ETF investors who are interested in gold have long been able to turn to products like GLD and IAU as ways to invest in gold. Those ETFs buy and sell gold as needed to back the shares of the ETFs, and the amount of their holdings vary with investor demand, which keeps the share price of those ETFs pretty close to their net asset value (NAV).
A much older product, which is still around, is the Sprott Physical Gold and Silver Trust (CEF), which holds the CEF symbol because it was formerly known as the Central Fund of Canada. A different company, Sprott Asset Management, took over the Central Fund of Canada in January 2018.
According to Sprott’s web site, “Sprott Physical Bullion Trust unitholders have the right to redeem for physical metals on a monthly basis, subject to meeting the minimum redemption amount.” So unlike an ETF, whose numbers of shares can expand and contract as needed to meet shifting investor demand, CEF’s assets stay relatively fixed over time, and its shares can trade at a premium or a discount to the NAV. Most of the time, the share price is at a discount to NAV.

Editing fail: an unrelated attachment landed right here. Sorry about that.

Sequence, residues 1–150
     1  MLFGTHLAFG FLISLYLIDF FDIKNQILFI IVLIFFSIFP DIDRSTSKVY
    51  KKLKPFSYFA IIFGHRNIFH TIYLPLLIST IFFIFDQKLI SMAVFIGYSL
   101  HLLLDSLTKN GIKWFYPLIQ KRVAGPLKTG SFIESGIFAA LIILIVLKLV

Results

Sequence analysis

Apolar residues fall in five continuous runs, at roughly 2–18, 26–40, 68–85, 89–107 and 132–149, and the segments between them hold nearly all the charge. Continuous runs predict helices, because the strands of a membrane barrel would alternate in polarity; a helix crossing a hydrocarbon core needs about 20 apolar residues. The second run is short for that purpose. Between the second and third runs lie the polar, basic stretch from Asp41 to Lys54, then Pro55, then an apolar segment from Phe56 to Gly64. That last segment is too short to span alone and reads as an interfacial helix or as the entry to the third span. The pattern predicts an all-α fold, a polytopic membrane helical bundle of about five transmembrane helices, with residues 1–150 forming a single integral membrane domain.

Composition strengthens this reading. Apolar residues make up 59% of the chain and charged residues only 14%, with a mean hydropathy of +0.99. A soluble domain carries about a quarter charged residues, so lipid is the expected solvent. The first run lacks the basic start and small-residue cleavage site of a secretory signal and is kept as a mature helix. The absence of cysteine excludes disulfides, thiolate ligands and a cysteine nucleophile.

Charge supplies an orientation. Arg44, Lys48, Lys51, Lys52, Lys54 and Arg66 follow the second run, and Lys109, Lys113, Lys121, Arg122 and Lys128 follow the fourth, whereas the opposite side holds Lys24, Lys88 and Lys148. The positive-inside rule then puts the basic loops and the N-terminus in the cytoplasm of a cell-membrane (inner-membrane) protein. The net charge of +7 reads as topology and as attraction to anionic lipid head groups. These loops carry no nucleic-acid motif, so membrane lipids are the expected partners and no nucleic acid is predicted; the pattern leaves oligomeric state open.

Sometimes the amount of that discount gets to an extreme level, as investors form such a pessimistic view of the prospects for precious metal prices that they want to get out urgently, and will even accept a price that is at a steep discount to NAV just to be able to exit. We are seeing one of those conditions right now, with CEF shares priced 5% below NAV.
Such instances are reliably associated with important bottoms for gold prices. However, I need to stress that “associated with” does not necessarily mean that the final price bottom is upon us. An oversold “condition” is not the same thing as a “signal”.
The CEF trust holds both gold and silver. Sprott also operates a separate trust under the symbol PHYS, which holds only gold.
Like CEF, the share price of PHYS also trades are a premium or discount to NAV. Right now, the amount of discount in the shares of PHYS is not as large as that of CEF, which is curious. But it is still a pretty sizable discount to NAV, which eventually ought to matter for gold prices.